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Adjustment disorder is a mental health condition that results from stress and can cause your child to have severe emotional and behavioural responses. But the response to the stress is far more severe than expected. It's severe enough to affect your child's school, work, or social life. And it may lead to depression and physical pains. Events that may cause this response can include the parents' divorce, awareness of family money problems, or starting school or a new job. It might be anything that causes some stress.
This disorder is most often a short-term condition. It happens within 3 months of the stressful event or change. If the response lasts longer than 6 months after the event ends, your child may have a different mental health condition.
Follow-up care is a key part of your child's treatment and safety. Be sure to make and go to all appointments, and call your doctor or nurse advice line (811 in most provinces and territories) if your child is having problems. It's also a good idea to know your child's test results and keep a list of the medicines your child takes.
Have your child do relaxation exercises 10 to 20 minutes a day. Your child can play soothing, relaxing music at this time.
Tell others in your house that your child is going to do relaxation exercises. Ask them not to disturb your child. Help your child find a comfortable, quiet place.
Have your child:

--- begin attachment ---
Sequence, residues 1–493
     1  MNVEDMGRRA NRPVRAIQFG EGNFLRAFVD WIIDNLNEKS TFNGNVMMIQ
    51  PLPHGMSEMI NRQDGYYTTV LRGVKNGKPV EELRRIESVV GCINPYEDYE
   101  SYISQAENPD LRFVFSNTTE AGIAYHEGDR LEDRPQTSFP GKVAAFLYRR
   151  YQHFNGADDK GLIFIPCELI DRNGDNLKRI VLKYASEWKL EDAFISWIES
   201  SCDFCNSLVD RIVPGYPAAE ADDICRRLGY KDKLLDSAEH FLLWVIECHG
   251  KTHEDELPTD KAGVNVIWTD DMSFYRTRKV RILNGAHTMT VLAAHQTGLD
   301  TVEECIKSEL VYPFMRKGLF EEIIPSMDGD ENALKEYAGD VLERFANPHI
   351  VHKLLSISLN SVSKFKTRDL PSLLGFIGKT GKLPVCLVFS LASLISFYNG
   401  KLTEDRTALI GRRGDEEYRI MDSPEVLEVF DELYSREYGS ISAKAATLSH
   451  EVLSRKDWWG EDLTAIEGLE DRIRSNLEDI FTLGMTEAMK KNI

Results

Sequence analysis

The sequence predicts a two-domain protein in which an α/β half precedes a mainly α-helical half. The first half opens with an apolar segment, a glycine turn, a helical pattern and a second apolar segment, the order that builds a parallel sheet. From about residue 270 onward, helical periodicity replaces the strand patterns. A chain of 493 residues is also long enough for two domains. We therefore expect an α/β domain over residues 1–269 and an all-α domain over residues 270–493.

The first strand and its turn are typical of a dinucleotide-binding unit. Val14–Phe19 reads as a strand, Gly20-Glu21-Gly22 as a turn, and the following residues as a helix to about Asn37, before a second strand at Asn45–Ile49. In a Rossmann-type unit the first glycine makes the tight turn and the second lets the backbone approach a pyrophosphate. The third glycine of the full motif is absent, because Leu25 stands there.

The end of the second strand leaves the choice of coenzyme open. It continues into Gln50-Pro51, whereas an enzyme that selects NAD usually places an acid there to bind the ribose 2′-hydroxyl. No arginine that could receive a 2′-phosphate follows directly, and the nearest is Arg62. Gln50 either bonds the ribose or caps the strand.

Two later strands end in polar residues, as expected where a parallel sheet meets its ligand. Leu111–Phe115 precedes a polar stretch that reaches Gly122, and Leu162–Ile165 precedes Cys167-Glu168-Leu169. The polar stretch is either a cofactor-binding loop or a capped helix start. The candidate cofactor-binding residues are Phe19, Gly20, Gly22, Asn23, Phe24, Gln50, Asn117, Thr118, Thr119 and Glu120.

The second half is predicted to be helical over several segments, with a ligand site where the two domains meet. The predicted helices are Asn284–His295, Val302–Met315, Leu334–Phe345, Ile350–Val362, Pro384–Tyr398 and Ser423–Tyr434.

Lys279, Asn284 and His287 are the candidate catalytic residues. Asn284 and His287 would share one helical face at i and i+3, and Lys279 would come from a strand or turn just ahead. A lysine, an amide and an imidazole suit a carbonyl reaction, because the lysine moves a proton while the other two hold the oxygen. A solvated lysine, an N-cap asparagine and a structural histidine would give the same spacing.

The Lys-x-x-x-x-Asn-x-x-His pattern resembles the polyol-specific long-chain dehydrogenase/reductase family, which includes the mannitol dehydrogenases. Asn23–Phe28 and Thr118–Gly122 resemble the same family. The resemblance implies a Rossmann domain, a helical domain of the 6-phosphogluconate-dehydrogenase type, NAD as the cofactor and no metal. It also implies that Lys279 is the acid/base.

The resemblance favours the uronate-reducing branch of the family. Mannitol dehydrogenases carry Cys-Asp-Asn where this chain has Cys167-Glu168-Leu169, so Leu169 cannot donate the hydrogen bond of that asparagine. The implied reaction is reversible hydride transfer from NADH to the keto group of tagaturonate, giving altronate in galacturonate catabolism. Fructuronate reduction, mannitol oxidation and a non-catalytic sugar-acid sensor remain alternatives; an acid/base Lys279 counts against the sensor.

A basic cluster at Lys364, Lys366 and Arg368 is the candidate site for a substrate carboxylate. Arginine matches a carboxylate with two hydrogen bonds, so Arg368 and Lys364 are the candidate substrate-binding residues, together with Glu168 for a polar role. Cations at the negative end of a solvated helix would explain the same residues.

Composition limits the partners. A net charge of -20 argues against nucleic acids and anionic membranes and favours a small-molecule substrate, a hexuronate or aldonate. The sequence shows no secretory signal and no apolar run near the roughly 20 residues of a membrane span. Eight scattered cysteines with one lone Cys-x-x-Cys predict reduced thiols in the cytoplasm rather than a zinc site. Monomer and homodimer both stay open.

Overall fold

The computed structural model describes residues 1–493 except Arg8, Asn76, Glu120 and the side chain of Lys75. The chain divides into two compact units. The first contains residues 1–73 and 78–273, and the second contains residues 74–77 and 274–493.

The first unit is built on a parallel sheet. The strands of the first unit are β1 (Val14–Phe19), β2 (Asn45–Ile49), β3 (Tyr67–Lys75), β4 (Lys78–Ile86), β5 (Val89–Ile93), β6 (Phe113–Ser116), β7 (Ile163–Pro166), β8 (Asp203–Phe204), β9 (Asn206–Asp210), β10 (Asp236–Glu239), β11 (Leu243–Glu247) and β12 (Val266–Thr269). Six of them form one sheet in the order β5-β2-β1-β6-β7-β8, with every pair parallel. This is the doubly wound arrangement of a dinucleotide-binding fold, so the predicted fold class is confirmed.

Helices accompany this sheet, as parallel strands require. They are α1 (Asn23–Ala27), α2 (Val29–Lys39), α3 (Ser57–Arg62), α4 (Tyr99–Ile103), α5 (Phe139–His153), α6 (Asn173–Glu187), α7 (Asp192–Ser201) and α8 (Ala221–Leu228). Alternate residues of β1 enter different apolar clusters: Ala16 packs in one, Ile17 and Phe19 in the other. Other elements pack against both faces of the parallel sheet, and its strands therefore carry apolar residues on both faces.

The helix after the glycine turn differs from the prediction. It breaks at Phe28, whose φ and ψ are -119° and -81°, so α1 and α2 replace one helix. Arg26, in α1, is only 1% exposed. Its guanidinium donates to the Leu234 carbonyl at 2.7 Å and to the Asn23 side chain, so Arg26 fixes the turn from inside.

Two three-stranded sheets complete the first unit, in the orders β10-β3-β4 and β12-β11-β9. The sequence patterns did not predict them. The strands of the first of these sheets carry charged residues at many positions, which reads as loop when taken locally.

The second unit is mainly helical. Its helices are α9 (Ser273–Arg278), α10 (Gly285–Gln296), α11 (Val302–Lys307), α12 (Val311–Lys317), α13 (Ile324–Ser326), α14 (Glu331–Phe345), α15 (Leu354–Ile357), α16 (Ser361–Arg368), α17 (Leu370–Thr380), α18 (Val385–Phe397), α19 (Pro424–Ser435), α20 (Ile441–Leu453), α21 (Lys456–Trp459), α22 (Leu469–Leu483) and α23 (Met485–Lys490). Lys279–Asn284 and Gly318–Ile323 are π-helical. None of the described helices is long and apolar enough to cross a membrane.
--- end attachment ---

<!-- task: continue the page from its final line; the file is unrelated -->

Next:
As your child continues to breathe slowly and deeply, help your child relax by having them do these next steps for another 5 to 10 minutes:
When the relaxation time is over, have your child come back to alertness by moving their fingers, toes, hands, and feet. Then your child can stretch and move their entire body. Sometimes people fall asleep during relaxation. But they most often wake up soon.
Call 911 anytime you think your child may need emergency care. For example, call if:
Where to get help 24 hours a day, 7 days a week
If your child talks about suicide, self-harm, a mental health crisis, a substance use crisis, or any other kind of emotional distress, get help right away.
Consider saving these numbers in your phone.
Watch closely for changes in your child's health, and be sure to contact your doctor or nurse advice line if:
Go to https://www.healthwise.net/patientEd
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Current as of: February 9, 2022
Author: Healthwise Staff
Medical Review:Adam Husney MD - Family Medicine & Kathleen Romito MD - Family Medicine
Care instructions adapted under license by your healthcare professional. If you have questions about a medical condition or this instruction, always ask your healthcare professional. Healthwise, Incorporated disclaims any warranty or liability for your use of this information.
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